29 Weeks Pregnant: Your Checklist
- Choose or start designing a birth announcement (digital or print)
- Gently stretch your leg, flexing your foot and pulling your toes back toward you, to deal with any leg cramps
- Load up on calcium-rich foods, as well as those that contain potassium
Your Baby’s Development
Your baby continues to be active, and those first few flutters of movement have given way to hard jabs and punches that may take your breath away. If you notice a decrease in movement, do a fetal kick count: Your baby should move at least 10 times in 2 hours. If your baby moves less, talk to your health care provider.
During pregnancy, iron is important for replenishing the red blood cell supply. You should be eating at least 30 milligrams of iron each day. Because iron deficiency is common during pregnancy, your health care provider may recommend that you have a blood test to check your iron level. If it’s low, you may be prescribed an iron supplement.
Pregnancy symptoms at 29 weeks
As your appetite increases to match your baby’s third trimester growth spurt, it’s tempting to fill up on cakes, sweets and fast food snacks. Try to keep these to occasional treats rather than staple snacks.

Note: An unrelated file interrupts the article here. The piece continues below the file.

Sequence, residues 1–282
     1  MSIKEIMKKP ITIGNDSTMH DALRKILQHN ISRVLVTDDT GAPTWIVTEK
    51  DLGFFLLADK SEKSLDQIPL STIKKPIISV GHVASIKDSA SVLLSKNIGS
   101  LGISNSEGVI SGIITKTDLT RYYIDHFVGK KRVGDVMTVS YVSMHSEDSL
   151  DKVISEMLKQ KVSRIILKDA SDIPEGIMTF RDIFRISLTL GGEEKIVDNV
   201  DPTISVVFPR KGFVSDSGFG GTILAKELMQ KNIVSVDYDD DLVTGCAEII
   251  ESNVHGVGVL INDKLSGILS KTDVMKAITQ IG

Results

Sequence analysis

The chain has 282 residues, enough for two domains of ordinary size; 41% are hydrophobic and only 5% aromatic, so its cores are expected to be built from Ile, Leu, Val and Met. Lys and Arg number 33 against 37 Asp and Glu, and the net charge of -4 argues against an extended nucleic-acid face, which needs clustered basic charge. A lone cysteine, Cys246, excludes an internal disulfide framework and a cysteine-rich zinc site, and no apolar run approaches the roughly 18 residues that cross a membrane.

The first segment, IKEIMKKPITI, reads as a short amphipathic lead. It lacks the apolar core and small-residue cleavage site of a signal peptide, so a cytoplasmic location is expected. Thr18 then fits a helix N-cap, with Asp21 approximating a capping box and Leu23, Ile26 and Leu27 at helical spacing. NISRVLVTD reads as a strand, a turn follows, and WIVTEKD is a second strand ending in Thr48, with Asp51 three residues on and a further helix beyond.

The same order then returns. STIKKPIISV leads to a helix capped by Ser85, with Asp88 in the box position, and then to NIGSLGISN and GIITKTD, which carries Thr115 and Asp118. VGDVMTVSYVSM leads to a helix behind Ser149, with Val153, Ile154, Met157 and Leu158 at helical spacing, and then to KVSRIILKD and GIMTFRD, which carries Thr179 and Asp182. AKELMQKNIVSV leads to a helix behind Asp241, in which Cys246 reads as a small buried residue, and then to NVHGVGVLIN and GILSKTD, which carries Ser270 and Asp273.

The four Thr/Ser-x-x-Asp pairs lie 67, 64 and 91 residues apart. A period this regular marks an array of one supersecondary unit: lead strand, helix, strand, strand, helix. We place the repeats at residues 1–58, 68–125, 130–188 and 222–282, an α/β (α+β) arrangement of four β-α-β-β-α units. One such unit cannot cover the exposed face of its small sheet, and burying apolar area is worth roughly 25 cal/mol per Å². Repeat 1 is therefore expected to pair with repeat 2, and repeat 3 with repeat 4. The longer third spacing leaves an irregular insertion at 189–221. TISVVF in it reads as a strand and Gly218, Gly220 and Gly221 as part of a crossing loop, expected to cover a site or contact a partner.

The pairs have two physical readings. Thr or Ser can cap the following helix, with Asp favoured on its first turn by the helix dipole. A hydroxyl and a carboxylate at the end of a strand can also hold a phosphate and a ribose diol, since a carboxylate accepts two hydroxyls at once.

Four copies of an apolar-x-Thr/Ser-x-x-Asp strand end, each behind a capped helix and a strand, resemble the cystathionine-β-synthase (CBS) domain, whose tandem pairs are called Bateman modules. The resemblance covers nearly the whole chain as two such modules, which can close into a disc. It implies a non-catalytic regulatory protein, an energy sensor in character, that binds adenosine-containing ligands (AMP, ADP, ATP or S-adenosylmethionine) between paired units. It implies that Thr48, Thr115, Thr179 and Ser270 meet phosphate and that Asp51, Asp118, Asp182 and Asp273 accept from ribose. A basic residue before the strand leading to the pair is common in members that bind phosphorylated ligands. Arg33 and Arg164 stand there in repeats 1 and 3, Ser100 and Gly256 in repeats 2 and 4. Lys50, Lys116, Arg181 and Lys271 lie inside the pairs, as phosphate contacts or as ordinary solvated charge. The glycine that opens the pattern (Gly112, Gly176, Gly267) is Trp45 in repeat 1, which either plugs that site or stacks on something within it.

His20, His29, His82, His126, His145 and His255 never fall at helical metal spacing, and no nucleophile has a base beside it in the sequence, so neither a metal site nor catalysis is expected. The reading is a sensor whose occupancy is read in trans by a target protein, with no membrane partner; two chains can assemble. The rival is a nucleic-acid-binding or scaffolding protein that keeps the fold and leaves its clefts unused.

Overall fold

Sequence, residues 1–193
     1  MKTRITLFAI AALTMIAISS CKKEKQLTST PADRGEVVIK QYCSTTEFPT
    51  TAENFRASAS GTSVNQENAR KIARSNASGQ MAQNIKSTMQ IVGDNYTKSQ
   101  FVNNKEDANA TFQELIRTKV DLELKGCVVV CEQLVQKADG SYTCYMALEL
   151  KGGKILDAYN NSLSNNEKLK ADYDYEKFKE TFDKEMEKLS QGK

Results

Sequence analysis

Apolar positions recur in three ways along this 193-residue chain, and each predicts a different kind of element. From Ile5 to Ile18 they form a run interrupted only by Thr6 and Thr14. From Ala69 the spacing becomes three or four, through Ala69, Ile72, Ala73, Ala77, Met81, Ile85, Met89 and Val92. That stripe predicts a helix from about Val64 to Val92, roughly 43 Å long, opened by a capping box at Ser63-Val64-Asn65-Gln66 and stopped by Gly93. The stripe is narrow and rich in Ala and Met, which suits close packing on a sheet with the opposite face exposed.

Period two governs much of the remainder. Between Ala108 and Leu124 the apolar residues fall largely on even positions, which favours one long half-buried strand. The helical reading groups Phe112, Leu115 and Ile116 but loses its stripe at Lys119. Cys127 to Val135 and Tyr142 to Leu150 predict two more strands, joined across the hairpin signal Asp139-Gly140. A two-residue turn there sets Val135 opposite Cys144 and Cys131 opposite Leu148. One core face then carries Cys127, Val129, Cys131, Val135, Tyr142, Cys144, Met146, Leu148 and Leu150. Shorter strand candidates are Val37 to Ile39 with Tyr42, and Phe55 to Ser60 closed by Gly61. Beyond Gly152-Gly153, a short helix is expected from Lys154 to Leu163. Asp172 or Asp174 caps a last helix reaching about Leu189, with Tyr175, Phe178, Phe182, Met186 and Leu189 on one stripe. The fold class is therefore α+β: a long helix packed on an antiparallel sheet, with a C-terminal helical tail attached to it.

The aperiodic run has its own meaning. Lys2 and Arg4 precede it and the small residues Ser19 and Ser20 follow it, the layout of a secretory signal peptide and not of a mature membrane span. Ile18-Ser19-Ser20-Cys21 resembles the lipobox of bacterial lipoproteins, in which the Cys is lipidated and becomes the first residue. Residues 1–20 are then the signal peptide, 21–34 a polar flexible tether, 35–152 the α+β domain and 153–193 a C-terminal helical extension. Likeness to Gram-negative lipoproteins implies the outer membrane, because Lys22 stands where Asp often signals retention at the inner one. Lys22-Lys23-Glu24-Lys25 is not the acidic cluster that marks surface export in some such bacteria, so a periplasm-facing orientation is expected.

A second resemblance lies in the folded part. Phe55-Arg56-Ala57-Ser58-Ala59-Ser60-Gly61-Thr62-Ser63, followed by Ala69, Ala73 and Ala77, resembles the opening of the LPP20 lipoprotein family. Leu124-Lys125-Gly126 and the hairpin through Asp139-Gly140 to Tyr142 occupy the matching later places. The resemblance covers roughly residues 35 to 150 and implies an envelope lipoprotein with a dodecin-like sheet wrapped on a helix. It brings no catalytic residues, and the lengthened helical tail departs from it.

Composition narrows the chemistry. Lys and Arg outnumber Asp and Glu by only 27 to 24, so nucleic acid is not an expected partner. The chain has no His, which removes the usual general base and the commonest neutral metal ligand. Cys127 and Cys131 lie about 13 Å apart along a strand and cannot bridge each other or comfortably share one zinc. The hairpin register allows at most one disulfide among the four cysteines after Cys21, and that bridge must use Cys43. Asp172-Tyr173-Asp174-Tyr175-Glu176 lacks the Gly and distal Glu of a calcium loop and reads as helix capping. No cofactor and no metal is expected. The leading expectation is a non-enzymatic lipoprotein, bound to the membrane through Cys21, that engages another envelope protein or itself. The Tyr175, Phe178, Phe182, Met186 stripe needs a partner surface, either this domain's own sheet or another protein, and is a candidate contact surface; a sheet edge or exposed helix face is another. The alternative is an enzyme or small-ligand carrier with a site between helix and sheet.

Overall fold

Eating well at this stage of pregnancy is important for your health and your baby’s health. Try to eat plenty of iron-rich food, which helps you make red blood cells. Your baby will take iron stores from your body, so he won’t run short, but you might.
Boost your iron intake by having meals with iron sources, such as lean meat, leafy greens and fortified cereal in your diet. See our iron slideshow for easy ways to include iron in your diet.
Now is a good time to learn some stretches that will open up your body ready for your baby’s birth. See our slideshow of third trimester stretches to give you some ideas. Don’t worry if you find it hard to learn new exercises. Even the occasional stretch and wiggle can help you avoid pregnancy niggles such as leg cramps. Just get moving and stretching!
What you need to know
Calcium (from milk or other dairy products) will go straight to building your baby’s bones. Iron (from iron-rich foods and from your prenatal vitamins) will boost his iron supply until he’s 6 to 9 months old. At this stage of your pregnancy, protein is also crucial, as it supports healthy cell growth throughout your baby’s body.